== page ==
Saturday, 19 December 2009

The "Wildfire" Term Is Cliché

As you've most likely heard by now, the Minnesota Wild were struck with some extreme misfortune yesterday around 2PM when their equipment truck caught fire. There was a lot of speculation as to what may happen and if the game should be postponed, but the Wild played against the Senators tonight. Let's work through some of the details.

First off, there was a major push from the Team of 18,000 in and around the Minneapolis-St. Paul area when it came to their team. The prevailing reports is that the Wild's office was flooded with calls from fans who wanted to help out any way they could to ensure that their team had equipment. Honestly, this is why I love the game of hockey. The fans are incredible, and they really love their teams. Well done, Minnesotans!

The Minnesota Star Tribune had a phenomenal story on all the items lost in the bonfire. Michael Russo deserves a lot of credit for bringing to light all of the items lost. Something that needed to be considered were custom-made items that players used. Russo wrote:

Defensemen, such as shot-blocking specialist Greg Zanon, have modified their equipment over several years in order to protect certain places. Center Eric Belanger wears a custom-made brace for his right foot after breaking it two seasons ago.
Between comfort and safety, the Wild's equipment manager had a ton on his plate, and was looking at an all-nighter in terms of work.

The men who work tirelessly for the players must be commended for the miracle they pulled off to have the Wild in uniform tonight. According to the Wild's website, there was a team of individuals who essentially made the impossible come true. Greg Andresen wrote:
Amazingly, tonight's game between the Wild and Senators is on, and it wouldn't be possible if not for the Wild's equipment staff and trainers, who worked all night last night, and all day today, to get the healthy players ready for this one. Tony DaCosta, Travis Green, John Worley and Doc Fuller worked all night last night to clean the gear that survived, while Brent Proulx flew home last nght and returned this morning with Matt Benz, Chris Pietrzak-Wegner and a bundle of replacement gear for tonight's game. Now, about 28 hours after the blaze started, the Wild is skating around in pregame warmups and they don't look any different than they did two nights ago when they won their ninth game in 11 contests.
Simply amazing, right? Seven men dedicated themselves to hours of work and preparation to put the Wild players back on the ice like nothing happened. These men deserve to be recognized for their efforts, and HBIC salutes them for this incredible feat. Well done, gentlemen!

The Minnesota Star Tribune also ran a story about players heading out to local stores in the Ottawa region to replace their lost equipment. The second page outlines the amazing work that DaCosta and his team did, including details about each member's contribution. Again, I am in awe of these men, and I may have to pay respect to them in a future visit to Minneapolis-St. Paul. The timeline that these men followed is here, and it's really amazing to think that they pulled this entire task off in less than twelve hours.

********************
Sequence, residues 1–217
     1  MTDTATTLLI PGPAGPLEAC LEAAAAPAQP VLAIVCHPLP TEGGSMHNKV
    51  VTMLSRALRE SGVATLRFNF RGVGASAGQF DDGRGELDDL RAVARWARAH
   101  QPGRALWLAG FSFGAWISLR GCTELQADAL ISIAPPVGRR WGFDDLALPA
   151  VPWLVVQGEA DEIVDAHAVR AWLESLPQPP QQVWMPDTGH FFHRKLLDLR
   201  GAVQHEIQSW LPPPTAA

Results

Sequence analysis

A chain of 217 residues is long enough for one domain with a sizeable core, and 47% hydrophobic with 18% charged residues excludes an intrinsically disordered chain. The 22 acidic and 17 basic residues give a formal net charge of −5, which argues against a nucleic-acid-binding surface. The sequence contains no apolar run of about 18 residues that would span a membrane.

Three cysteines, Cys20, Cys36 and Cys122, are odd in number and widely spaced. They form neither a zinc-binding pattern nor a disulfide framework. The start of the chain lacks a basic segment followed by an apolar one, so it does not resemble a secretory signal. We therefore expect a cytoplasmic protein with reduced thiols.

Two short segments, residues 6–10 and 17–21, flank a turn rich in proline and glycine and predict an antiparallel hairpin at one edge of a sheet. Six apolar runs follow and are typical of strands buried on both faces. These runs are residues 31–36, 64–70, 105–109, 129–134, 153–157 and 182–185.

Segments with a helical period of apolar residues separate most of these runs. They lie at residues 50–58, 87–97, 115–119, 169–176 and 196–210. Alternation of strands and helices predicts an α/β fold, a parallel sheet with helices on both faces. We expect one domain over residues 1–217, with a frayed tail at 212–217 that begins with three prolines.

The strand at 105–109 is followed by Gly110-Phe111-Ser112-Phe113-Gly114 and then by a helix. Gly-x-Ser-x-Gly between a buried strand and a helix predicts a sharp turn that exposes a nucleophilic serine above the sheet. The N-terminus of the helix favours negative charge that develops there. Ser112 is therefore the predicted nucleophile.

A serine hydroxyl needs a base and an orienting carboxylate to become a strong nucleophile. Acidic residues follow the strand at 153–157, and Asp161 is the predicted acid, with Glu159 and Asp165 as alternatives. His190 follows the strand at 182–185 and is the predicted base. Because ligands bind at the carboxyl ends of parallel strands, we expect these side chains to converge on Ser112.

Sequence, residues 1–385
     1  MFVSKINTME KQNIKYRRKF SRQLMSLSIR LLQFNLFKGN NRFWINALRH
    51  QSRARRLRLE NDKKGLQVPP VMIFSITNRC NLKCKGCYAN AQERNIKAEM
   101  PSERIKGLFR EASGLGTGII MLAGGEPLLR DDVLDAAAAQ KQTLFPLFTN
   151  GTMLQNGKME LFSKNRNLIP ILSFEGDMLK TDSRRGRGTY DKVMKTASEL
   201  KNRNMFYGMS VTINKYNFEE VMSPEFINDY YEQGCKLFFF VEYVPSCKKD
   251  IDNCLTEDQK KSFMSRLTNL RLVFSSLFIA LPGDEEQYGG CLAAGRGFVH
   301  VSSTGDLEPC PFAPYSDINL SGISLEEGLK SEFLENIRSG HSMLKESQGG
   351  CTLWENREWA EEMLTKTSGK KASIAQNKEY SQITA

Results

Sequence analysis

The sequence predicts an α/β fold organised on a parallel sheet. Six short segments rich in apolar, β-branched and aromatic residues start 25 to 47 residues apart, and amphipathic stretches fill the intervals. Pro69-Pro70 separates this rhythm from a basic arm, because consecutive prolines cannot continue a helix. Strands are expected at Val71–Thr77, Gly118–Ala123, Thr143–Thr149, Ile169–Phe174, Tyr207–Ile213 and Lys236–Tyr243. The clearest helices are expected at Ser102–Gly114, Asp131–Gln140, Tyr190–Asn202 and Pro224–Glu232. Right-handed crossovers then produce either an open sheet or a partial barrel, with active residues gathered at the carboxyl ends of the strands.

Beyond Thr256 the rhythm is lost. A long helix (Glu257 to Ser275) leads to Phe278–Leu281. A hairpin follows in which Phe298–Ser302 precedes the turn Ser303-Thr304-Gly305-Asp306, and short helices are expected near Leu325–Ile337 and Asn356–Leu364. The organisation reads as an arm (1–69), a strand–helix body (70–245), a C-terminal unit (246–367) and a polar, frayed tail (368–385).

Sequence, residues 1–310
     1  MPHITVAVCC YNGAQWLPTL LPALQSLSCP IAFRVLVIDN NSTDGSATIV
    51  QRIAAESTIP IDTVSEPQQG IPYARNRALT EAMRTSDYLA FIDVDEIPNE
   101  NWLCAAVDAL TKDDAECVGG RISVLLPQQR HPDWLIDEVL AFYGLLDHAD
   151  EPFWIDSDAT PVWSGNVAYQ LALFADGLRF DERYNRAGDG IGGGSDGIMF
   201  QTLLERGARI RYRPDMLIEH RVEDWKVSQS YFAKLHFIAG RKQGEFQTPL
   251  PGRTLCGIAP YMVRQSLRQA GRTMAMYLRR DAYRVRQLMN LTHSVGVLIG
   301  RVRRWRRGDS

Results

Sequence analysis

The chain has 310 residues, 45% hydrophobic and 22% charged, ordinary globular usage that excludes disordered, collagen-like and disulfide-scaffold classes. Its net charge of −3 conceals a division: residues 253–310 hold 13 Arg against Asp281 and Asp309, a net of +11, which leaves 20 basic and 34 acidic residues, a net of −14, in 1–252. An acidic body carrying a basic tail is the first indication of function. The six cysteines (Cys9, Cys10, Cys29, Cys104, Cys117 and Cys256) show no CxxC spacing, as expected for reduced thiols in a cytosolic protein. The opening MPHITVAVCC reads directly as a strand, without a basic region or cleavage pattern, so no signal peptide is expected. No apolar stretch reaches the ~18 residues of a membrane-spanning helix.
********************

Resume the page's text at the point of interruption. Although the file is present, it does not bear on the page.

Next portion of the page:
There is speculation that the start of the fire was a propane torch that the players use to change the blades and angles on their sticks. The new torches no longer have the knob to turn the flame on or off; rather, they simply turn at the top and the flame turns on or off. If this is the case, this is simply bad luck at its worst.

According to that last Minnesota Star Tribune article, the stuff that took the brunt of the flame was the equipment on top. Essentially, the players who are last out of the dressing room after a game or practice have their stuff tossed on top as the equipment piles up. There might be races between Wild players now to get their stuff on the truck first.

The good news is that the Wild did play tonight, although they didn't play very well. The Ottawa Senators defeated the Wild by a 4-1 score, and that can't be entirely attributed to the new equipment. However, everyone was in full uniform, and the Wild even had made provisions in case either goaltender wasn't comfortable. Both Backstrom and Harding dressed, but the Wild had recalled Anton Khudobin from the AHL's Houston Aeros just in case. He wasn't called upon, but perhaps it's just better to forget this weekend and head home.

The Wild do have a family day tomorrow as they participate in their Holiday Party to start an entire week without hockey games. After this weekend, a little unwinding should be in order. Again, full marks and all my respect to DaCosta and his team, and full marks to the Minnesota Wild franchise and the Team of 18,000.

I'd make a crack about a roaring fire in front of the Christmas tree, but that seems a little inappropriate at this juncture.

Until next time, keep your sticks on the ice!


Nuuuuugs said...

The unheard, unheralded portion of the story. Nice job.

David said...

I thought I was a hockey fan - until I saw your blog and this story. Bravo and well done... and keep up the great work.

Teebz said...

Nugs - there are probably hundreds of stories like this, and I think they should be told. Thanks.

David - thanks!